- Newsletter #29 – Article by Andy McNeilly continuing the theme of Compassion.
3. Building staff capacity
Relationship Reparation for staff
John’s final session with staff in 2022 was centred on Relationship Reparation, a “non-adversarial” approach to deal with a situation where someone has harmed another. The harmer and the harmed work together, using apology and forgiveness to repair the relationship. This fits directly with the Restorative Practice model created by David Moore, explored in our RbE booklet.
Ongoing RbE leadership
Andy McNeilly (Mental Health and Wellbeing Co-ordinator) and Scott McCumber (Principal) worked closely with John Hendry during 2022. John spent extra time with them to ensure they could continue to provide guidance and build staff capacity in maintaining a positive RbE culture at the school. Scott and John worked together on RbE policies for the school. John understands that every school is different and each school needs to create and ‘own’ its policies and practices.
Follow-up session for staff: Rules, Consequences and Reparation
Message from Principal Scott McCumber
Since John Hendry brought Relationship based Education into our school, it has strengthened my conviction that relationships are centrally important in education, for students, parents, teachers and school leadership.
RbE has given us all a framework to understand and develop quality relationships, to make our school function better as a place of learning and caring.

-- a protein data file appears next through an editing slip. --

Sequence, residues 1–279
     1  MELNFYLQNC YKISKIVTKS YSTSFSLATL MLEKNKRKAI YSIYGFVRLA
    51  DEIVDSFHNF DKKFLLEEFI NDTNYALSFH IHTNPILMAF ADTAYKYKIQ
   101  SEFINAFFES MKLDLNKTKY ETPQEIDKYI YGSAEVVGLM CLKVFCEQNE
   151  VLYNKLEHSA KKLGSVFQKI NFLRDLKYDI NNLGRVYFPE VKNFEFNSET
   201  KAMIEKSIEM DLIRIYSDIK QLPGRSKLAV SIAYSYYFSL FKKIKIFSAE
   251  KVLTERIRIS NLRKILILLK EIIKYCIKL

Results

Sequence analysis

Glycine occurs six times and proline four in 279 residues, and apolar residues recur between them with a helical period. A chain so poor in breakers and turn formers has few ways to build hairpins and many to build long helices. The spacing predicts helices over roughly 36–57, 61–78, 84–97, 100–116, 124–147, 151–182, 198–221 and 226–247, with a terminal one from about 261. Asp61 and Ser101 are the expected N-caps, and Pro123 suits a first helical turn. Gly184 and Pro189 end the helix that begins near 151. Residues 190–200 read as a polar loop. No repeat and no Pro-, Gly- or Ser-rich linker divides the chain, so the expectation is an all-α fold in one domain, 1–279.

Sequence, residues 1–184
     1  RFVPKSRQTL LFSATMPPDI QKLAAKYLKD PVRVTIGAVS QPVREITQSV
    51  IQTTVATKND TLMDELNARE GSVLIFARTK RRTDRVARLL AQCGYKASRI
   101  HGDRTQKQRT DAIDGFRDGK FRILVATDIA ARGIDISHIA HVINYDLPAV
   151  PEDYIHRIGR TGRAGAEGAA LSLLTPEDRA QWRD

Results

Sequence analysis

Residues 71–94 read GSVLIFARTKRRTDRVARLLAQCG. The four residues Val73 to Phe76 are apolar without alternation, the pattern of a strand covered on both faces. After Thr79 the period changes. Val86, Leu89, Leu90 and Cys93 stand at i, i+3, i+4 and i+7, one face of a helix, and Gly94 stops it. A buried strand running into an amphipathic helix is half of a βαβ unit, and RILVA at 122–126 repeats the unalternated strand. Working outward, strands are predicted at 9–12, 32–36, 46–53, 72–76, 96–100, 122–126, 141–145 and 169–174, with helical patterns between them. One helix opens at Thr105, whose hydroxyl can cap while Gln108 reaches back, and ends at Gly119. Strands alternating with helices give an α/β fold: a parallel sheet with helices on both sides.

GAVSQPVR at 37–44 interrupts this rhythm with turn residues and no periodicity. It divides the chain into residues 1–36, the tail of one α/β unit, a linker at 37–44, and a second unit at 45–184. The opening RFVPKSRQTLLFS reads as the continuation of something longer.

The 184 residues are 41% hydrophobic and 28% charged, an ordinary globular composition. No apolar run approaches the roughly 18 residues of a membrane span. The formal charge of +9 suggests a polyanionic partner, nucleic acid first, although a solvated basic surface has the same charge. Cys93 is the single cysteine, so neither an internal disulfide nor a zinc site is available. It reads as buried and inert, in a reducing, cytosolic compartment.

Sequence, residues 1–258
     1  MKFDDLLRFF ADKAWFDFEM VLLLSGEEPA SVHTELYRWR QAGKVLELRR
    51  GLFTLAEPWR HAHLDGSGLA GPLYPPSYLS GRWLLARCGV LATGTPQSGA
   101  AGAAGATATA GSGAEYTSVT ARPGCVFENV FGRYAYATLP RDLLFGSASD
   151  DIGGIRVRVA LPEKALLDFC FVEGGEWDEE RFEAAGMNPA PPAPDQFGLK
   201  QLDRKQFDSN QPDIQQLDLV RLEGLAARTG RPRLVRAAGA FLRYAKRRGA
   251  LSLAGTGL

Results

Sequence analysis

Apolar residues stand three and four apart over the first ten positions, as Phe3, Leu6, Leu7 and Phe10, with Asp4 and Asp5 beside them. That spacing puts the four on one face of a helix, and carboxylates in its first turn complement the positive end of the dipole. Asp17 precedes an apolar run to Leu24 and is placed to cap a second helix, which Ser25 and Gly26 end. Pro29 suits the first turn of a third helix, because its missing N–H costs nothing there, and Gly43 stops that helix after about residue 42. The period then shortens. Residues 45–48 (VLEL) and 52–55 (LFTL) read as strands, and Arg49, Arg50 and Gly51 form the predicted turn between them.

We are developing an understanding across the whole school community that relationship reparation is the most effective response when mistakes are made, rules are broken, or relationships damaged. This is a challenge to the old way of thinking based on punishment, which tends to create a cycle of resentment and disengagement. Relationship reparation helps us to forgive, to move forward and to restore hope.
RbE has helped us to create a great learning community at our school, based on quality relationships at all levels.
RbE and family engagement
Family engagement has been an essential component of the RbE activities at Ocean Grove. As John Hendry has said, RbE aims to “empower parents to be proactive positive contributors as critical stakeholders in the education of their children.”
RbE gives schools an excellent opportunity to advance one of the goals of the Foundation for Improving Student Outcomes (FISO):
Strong relationships and active partnerships between schools and families/carers, communities, and organisations to strengthen students’ participation and engagement in school
Mental Health in Primary Schools
The RbE activities at Ocean Grove are part of a long-term commitment to student health at the school, under the Education Department’s ‘Mental Health in Primary Schools’ program. These videos from the Department explore the program at Ocean Grove and other schools.
RbE is one of the ‘outside agencies’ mentioned by Andy McNeilly in the second video.